I am much more concerned about preserving an open and transparent FCC than I am about preserving an Open Internet. It is not that I don't believe the Internet should be "open." It already is, and there is no need for the FCC, at least not now, to supplant the marketplace's discipline to try to fix what is not broken.
But here's something that may be broken, at least with respect to the net neutrality proceeding: The FCC's own processes. FCC Chairman Julius Genachowski, rightly, has made a commitment to running the FCC in an open and transparent way, and in a way that facilitates informed public participation in rulemaking proceedings. And in certain respects he deserves credit for his efforts, thus far, in this regard.
But I am very puzzled to discover this curt document which was placed in the public file of the Open Internet proceeding on December 10 by the Deputy Chief of the FCC's Wireline Competition Bureau, the staff office primarily responsible for drafting the FCC's proposed Internet regulations:
The FCC document reads in its entirety: "Please enter the attached documents into the official record for the [Preserving the Open Internet proceeding]. The reproduction of copyrighted material is prohibited. Thank you."
What makes this December 10 filing by the FCC's Deputy Wireline Chief extraordinary is that the "attached documents" comprise more than 1900 pages of materials, ranging from white papers, excerpts from books and journal articles, and who knows what else. The attached 1900 pages of documents, without any index and seemingly pasted together in no particular order, may be found in the following links:
As someone who has written widely on adminitrative law topics, served as Chair of the ABA's Administrative Law and Regulatory Practice Section, and who presently serves as a Fellow of the National Academy of Public Administration, I can't recall previously encountering a "data dump" like this – of this extraordinary magnitude – at least immediately before the Sunshine Act cut-off date for further communications with FCC commissioners and staff.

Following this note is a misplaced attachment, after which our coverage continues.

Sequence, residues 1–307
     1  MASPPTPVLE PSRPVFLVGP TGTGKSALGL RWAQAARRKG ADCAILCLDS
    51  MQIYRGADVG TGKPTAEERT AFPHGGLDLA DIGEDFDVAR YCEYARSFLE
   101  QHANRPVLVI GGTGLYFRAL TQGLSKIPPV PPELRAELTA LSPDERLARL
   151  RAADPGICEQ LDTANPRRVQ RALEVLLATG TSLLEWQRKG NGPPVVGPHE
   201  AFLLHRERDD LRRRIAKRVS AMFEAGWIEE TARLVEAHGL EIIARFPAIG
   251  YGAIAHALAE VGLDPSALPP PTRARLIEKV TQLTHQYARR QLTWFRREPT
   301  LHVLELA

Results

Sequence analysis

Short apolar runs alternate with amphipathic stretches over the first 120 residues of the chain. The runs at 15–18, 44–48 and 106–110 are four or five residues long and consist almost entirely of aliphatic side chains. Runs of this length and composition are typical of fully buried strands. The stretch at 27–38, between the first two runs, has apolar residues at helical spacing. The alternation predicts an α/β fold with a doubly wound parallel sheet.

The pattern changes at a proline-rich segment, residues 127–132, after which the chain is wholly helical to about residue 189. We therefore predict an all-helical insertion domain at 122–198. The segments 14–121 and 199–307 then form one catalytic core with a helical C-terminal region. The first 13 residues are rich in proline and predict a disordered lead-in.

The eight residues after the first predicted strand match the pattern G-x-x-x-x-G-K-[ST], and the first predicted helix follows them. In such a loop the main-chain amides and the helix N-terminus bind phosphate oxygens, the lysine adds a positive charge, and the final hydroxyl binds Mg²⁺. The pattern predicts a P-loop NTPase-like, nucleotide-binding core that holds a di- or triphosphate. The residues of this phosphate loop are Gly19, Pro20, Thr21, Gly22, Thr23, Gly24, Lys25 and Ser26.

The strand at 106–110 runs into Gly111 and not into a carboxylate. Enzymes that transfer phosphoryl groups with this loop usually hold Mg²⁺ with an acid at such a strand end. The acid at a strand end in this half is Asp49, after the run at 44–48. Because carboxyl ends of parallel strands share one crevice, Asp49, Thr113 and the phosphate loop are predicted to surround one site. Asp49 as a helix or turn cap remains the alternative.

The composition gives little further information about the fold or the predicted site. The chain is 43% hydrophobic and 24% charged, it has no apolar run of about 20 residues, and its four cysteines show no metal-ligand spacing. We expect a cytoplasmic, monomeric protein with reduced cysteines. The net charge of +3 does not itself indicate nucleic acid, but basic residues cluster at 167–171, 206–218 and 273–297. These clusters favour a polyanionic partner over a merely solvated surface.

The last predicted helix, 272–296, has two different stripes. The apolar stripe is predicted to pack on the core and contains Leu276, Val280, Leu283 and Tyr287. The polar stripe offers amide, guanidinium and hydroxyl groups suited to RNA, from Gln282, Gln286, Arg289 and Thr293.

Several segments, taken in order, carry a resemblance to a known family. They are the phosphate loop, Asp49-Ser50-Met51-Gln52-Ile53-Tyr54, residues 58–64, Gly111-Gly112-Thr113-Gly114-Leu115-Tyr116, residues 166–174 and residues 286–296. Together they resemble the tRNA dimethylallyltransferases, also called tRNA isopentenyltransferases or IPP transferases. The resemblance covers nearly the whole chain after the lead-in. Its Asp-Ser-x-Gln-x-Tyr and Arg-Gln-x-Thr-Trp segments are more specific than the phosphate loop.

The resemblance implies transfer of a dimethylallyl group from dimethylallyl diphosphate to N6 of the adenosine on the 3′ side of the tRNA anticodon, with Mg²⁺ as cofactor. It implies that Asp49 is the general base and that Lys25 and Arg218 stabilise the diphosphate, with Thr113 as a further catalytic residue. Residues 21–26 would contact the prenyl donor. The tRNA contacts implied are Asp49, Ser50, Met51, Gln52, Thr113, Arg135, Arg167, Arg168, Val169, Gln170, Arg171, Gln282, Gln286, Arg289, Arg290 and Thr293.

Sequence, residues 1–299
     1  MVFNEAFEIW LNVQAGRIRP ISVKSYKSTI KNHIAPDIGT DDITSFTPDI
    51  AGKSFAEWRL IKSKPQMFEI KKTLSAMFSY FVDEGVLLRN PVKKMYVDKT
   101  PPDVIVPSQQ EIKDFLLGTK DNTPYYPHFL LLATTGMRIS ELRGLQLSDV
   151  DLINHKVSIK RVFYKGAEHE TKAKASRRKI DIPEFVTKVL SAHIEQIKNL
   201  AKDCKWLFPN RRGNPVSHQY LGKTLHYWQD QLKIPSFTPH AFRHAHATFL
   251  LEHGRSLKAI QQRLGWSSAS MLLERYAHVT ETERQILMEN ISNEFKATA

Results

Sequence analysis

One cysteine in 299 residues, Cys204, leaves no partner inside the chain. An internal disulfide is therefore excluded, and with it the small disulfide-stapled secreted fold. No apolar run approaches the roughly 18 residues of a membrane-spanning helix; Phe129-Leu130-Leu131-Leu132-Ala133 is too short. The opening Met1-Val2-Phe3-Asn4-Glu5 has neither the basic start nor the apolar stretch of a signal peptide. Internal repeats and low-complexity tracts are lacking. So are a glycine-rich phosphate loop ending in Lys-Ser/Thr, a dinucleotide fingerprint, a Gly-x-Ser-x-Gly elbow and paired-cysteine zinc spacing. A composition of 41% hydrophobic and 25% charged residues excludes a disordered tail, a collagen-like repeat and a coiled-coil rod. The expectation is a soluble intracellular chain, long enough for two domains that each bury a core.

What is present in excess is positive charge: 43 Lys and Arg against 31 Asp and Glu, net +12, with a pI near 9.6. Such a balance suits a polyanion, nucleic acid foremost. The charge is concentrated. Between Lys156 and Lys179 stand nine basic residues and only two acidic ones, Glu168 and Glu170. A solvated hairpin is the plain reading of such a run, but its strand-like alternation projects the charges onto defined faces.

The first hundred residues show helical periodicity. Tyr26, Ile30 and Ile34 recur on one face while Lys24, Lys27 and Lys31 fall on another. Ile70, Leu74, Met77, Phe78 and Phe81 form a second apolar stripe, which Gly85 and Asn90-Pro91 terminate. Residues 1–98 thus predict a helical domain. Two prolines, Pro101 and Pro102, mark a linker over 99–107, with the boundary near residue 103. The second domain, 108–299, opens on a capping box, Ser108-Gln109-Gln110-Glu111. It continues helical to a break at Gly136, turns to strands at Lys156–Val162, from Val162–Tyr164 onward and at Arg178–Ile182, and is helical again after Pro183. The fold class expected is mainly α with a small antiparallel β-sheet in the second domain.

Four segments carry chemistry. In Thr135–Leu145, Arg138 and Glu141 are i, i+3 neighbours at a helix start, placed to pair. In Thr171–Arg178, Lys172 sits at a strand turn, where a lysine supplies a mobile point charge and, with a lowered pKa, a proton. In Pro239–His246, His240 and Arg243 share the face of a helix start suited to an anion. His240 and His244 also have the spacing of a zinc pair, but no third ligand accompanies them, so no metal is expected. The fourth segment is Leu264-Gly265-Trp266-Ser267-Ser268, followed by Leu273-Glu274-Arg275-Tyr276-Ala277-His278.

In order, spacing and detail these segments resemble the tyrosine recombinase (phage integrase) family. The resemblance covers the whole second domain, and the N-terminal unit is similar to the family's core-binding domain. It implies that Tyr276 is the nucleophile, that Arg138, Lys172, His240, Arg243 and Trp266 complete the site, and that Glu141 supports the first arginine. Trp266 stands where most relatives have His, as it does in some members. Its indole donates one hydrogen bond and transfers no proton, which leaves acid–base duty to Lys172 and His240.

At least to my way of thinking, a last minute data dump of this size is very curious. But, more importantly, it seems to call into question the FCC's commitment to operate in an open and transparent way – in other words, in a way consistent with sound principles of administrative law and fundamental due process. This is because it is very difficult to see how interested parties – even the most well-heeled ones – could review the 1900+ pages of documents and, if they thought warranted, respond in an intelligent fashion. The hallmark of sound administrative law and due process in rulemaking proceedings is to give interested parties sufficient notice as to the facts and law upon which the agency may rely in fashioning a new regulation and to give interested parties an opportunity to respond.
Now, I may be missing something, and, if so, I am willing to stand corrected. Perhaps all of these documents are already in the record. That would mitigate my concern. Even so, because they essentially are pasted together in random fashion, and because the net neutrality rulemaking record is so huge, it would take considerable time to verify this. Also, it may be that the FCC's putative pro-net neutrality regulation majority, and the agency's staff, already have determined with certainty – although this would be curious – that they will not rely in the putative decision on any of the documents. But this raises an intriguing question: Why the last minute data dump? Again, there may be a good answer, but at this point I am not aware of it.
I am convinced there really is no need for the FCC to proceed with Chairman Genachowski's Internet regulation proposal, and certainly no need, absent any current market failure or consumer harm, for the agency to proceed as presently scheduled on December 21. The "Open Internet" surely will be preserved, as is, in the meantime without any FCC action.
But preserving the Open FCC is much more fundamentally important to the public, over the short, medium, and long term. I have my doubts concerning how the FCC's dumping of 1900 pages of documents into the public record on the eve of the date it cuts off public participation is consistent with preserving an Open FCC.